India, the large cities of which are among the most polluted in the world, plans to sell only electric cars by 2030. It is among a small set of large things which might sharply cut air pollution which endangers the health of tens of millions of people in its large cities. The goal, however, is one the government understands it may not meet and calls it “aspirational”.
According to “India Energy”, an affiliate of the central government:
Let us take EV first, which could be a game changer in a public transport-deficient and private transport dependent country whose appetite for vehicles is increasing at a fast pace. India has set an ambitious target for the adoption of EV. A Government-led initiative – the National Electric Mobility Mission Plan – targets annual sales of 6-7 million EV/Hybrid vehicles by 2020. There is an ambition, that by 2030, all vehicles sold in India may be electric-powered. This is an aspirational target. Ultimately the logic of markets will prevail. If battery costs (battery costs comprise nearly a third of the cost of an electric car) come down, the adoption of EV would zoom. It is less known that decline in battery cost has so far beaten the decline in SPV. There are several studies that indicate that lifecycle cost of an electric car in India would be the same as that of an internal combustion (IC) one by 2022 (LBNL).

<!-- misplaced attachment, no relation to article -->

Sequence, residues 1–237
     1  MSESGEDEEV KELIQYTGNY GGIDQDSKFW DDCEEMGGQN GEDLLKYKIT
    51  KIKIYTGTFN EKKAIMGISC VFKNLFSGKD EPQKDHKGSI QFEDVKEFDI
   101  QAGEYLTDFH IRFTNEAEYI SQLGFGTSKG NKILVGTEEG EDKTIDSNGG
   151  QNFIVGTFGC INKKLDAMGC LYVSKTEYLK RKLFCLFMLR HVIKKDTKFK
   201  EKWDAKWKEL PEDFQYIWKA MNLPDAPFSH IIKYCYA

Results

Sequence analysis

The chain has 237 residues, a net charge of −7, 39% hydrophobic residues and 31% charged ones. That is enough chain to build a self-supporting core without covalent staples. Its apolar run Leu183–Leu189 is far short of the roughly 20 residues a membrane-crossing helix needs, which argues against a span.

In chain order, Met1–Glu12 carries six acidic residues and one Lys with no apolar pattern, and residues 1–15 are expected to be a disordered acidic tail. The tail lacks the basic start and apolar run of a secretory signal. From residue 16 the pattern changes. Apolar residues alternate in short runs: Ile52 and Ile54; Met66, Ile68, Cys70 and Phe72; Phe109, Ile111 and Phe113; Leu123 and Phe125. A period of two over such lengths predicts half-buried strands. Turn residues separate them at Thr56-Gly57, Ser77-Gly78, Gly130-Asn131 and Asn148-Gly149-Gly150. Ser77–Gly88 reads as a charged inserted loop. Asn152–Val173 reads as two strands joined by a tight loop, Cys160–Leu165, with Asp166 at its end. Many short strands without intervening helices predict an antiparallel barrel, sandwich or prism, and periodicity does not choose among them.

The goal faces at least two major hurdles. The first is whether manufacturers can produce and market enough EVs by 2030. The other is whether consumers will buy them. This, in turn, will rely on the price of the cars. In some countries. the governments offer tax credits. This currently includes the United States.